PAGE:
The clinical evaluation of hirsutism
Article first published online: 6 OCT 2008
© 2008 Wiley Periodicals, Inc.
Volume 21, Issue 5, pages 376–391, September/October 2008
How to Cite
Somani, N., Harrison, S. and Bergfeld, W. F. (2008), The clinical evaluation of hirsutism. Dermatologic Therapy, 21: 376–391. doi: 10.1111/j.1529-8019.2008.00219.x
- Issue published online: 6 OCT 2008
- Article first published online: 6 OCT 2008
- polycystic ovarian syndrome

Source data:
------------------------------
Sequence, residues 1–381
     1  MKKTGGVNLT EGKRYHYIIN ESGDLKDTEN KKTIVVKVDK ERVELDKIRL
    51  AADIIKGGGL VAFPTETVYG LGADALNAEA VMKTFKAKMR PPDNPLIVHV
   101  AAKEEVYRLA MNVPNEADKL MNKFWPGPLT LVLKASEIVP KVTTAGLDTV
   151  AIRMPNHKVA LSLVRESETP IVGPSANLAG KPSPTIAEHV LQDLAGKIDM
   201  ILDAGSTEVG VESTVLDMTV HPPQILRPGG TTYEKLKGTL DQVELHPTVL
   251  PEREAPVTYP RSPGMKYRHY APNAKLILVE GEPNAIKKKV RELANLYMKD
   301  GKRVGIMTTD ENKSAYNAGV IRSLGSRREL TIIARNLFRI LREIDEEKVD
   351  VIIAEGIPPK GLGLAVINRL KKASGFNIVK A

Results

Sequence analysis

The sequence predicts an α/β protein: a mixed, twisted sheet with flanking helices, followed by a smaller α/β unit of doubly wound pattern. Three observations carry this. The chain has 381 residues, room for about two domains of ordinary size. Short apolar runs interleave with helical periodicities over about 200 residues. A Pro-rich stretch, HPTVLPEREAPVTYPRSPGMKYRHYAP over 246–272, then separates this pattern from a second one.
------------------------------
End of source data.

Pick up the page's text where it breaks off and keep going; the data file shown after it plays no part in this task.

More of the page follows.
ABSTRACT: Hirsutism is a disorder of excess growth of terminal hairs in androgen-dependent areas in women. Other cutaneous conditions associated with androgen excess are androgenetic alopecia, acanthosis nigricans, and acne. Hirsutism is often associated with measurably elevated androgen levels, but not in all cases. Androgens in women arise from the ovary and adrenal glands, and peripherally from skin and fat. The most common cause of hirsutism is polycystic ovarian syndrome. Patients with “idiopathic” hirsutism have normal ovulatory cycles and androgen levels. Other causes are late onset congenital adrenal hyperplasia, Cushing's syndrome, and the HAIR-AN syndrome. Pituitary, ovarian, and adrenal tumors are important, but rare causes of hirsutism. A thorough history and examination are important. Laboratory investigation is essential in women with moderate to severe, sudden onset or rapidly progressing hirsutism. Identification of the underlying etiology does not alter management, but detects patients at risk for infertility, diabetes, cardiovascular disease and endometrial carcinoma.